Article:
But the remaining third of American gun deaths aren’t all the same either. Most of them are homicides stemming from either street violence or domestic abuse. Mass shootings, the recent catalyst for gun control debates in popular media, make up a very small fraction of gun deaths each year. But because they are so random and often take the lives of middle‐class white people, the political reaction to spree killings far surpasses (and thus overstates) the danger most Americans face from such random and terrible violence. For affluent whites, America is a pretty safe place to live.
In American cities such as Baltimore and Chicago, particularly their segregated and economically depressed black neighborhoods, gun violence is far more prevalent. Local students, activists, and other community membershave continuously pled for greater safety and security from the violence, but the surviving residents of these areas don’t get usually get panels on the Sunday morning talk shows. If anything, their plights are used by conservative pundits to belittle “black pathology” and divert attention from the abusive policing that too often ends with more young black bodies dead in the streets.
Yet, what is one of the alternatives to gun control being put forth to protect schools from mass shootings? More school resource officers (SROs). SROs are often sworn police officers with full arrest power who patrol many middle and high school campuses nationwide. A 2011 Justice Policy Institute study showed that SROs tend to feed the school‐to‐prison pipeline without measurably improving school safety and may, at times, actually contribute to disorder. Other studies have reported similar results. Among other problems, administrative and discipline issues too often become criminal cases if an SRO gets involved.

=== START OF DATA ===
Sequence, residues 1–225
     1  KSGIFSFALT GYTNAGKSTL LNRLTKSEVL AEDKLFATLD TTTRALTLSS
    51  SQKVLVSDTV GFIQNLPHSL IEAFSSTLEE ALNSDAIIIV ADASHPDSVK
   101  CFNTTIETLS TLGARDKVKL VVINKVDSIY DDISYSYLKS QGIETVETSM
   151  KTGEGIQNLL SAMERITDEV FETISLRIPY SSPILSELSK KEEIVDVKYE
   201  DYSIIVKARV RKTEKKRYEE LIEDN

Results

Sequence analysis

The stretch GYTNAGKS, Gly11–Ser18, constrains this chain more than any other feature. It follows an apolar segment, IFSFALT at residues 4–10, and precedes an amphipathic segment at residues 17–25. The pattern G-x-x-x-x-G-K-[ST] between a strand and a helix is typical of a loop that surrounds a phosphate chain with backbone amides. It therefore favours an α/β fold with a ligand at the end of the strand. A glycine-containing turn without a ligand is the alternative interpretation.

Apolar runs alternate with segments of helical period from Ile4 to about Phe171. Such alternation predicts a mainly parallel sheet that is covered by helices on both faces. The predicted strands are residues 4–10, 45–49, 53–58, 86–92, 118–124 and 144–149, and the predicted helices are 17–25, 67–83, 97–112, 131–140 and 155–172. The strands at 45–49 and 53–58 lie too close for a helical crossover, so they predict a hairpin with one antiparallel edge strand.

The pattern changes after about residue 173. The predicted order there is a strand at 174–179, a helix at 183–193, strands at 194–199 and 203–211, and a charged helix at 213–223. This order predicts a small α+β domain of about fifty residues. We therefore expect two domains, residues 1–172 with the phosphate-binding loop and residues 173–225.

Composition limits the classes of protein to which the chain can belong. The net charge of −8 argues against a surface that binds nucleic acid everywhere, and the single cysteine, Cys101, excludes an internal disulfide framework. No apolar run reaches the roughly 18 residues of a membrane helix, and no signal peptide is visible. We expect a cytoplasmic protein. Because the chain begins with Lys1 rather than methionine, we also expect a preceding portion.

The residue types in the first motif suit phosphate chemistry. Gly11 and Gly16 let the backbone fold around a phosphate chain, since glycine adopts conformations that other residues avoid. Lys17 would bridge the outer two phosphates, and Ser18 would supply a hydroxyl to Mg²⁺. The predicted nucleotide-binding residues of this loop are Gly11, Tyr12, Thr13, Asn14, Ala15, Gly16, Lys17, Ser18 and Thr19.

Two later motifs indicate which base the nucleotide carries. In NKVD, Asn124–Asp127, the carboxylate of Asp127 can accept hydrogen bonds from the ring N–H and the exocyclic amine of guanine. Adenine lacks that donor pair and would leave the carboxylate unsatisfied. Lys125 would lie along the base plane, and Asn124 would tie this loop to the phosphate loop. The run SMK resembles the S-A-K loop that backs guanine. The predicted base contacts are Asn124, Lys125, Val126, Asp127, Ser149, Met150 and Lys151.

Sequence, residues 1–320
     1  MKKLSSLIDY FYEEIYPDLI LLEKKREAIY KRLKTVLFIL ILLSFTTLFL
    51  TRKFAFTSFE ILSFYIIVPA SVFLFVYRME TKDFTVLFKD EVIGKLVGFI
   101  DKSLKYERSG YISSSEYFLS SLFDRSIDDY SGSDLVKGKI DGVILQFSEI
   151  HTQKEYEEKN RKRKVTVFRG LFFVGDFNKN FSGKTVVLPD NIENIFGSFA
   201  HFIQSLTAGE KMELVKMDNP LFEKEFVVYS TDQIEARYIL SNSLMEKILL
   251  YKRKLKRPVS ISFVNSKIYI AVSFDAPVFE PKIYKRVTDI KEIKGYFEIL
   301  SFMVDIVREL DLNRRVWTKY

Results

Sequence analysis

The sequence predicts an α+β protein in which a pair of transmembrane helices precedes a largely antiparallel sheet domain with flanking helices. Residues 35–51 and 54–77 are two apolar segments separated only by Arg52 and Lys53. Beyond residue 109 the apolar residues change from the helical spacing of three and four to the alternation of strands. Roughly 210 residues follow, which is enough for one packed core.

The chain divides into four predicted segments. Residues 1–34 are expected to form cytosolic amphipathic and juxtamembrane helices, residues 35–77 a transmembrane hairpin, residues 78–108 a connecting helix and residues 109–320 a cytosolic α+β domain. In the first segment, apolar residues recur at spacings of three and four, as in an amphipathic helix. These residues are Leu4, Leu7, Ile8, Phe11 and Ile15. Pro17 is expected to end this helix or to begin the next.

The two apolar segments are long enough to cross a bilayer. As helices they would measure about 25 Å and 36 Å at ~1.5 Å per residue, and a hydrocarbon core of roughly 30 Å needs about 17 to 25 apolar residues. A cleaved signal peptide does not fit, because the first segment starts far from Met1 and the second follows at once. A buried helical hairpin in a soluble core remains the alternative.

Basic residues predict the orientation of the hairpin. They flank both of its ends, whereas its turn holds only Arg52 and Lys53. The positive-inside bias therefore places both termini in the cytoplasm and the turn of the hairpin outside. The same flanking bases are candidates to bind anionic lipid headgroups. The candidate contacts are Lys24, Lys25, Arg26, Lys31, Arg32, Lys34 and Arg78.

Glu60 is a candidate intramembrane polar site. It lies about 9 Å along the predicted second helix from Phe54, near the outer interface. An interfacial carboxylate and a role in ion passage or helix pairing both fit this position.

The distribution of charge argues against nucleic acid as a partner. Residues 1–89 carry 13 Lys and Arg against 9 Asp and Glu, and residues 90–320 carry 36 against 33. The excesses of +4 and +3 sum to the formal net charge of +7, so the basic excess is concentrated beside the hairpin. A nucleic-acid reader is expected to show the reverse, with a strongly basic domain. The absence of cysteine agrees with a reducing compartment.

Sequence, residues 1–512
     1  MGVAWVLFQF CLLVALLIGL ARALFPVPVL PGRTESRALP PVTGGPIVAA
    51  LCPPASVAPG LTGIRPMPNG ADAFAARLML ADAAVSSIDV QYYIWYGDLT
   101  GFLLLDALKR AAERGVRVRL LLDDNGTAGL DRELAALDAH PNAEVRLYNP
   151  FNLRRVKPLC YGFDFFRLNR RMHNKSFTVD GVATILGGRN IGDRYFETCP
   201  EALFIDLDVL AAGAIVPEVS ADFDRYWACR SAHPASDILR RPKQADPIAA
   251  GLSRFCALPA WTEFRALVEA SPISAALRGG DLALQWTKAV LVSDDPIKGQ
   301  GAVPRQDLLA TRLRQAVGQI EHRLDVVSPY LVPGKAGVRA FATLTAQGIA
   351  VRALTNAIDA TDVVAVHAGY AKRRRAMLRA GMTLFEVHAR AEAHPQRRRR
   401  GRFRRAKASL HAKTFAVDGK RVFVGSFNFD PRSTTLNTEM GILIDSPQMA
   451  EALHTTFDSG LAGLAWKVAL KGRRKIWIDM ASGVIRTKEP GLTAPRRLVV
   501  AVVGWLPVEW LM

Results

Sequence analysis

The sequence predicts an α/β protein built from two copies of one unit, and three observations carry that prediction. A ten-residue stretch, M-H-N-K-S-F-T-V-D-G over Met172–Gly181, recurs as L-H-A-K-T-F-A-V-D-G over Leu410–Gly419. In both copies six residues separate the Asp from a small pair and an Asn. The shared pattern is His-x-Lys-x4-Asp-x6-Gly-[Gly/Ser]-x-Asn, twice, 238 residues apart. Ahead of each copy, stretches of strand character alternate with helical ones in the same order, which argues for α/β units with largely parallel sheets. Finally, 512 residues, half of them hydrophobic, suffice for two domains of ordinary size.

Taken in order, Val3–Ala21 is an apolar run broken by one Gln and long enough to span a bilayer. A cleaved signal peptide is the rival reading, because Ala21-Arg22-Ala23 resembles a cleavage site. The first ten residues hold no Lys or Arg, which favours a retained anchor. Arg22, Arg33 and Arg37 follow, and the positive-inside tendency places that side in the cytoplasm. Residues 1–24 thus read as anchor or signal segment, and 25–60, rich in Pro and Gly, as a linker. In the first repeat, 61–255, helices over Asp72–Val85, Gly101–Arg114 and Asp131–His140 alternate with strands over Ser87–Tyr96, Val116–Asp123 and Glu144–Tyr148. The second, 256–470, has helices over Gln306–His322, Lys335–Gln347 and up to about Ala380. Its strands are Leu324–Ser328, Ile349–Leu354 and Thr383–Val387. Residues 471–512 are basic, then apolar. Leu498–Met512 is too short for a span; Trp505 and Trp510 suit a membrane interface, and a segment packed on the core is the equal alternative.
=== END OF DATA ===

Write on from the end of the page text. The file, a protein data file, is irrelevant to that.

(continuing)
The black students in Parkland have complained that their school is now a “police state” and that students of color are racially profiled by the police there. Other incidents between SROs and black students around the countrysupport the wariness students of color may feel toward heightened police presence.
Although limited to schools, SROs typify a broader fundamental problem with typical solutions to gun violence: the government reflexively turns to the criminal law and justice system. Specifically, policies shift to harass presumptively innocent individuals—typically young black and brown men—through policies like Stop‐and‐Frisk and then, if caught, laws punish offenders with disproportionate sentences as if they committed a violent crime for simple gun possession. U.S. Department of Justice policy, for example, instructs U.S. Attorneys to charge the maximum allowed under law for any given defendant. For drug offenders, the rule thus requires a charge that carries additional mandatory minimum five years’ imprisonment if the offender possesses a firearm, whether or not the offender used the gun in furtherance of the offense. Another federal law provides up to a 10‐year sentence if a gun owner is found to use or be addicted to illicit drugs. (N.B.: federal law does not recognize state‐legal medical marijuana use.) State laws vary, but illegal gun possession is often charged as a felony.
While illegal gun possession should be discouraged, the lengthy sentences and life‐long collateral consequences of felony convictions only add to the nation’s mass incarceration problem. Violent gun crimes should be prosecuted, but gun possession is not an inherently violent act and defendants should not be charged and sentenced as though it is.
In this latest push for more government action to reduce gun violence, activists ought to be careful what they wish for. Putting more police in schools and punitively enforcing more gun laws are unlikely to make anyone any safer, and mounds of evidence show the harsh, unintended consequences of any new policy will almost certainly fall on minorities.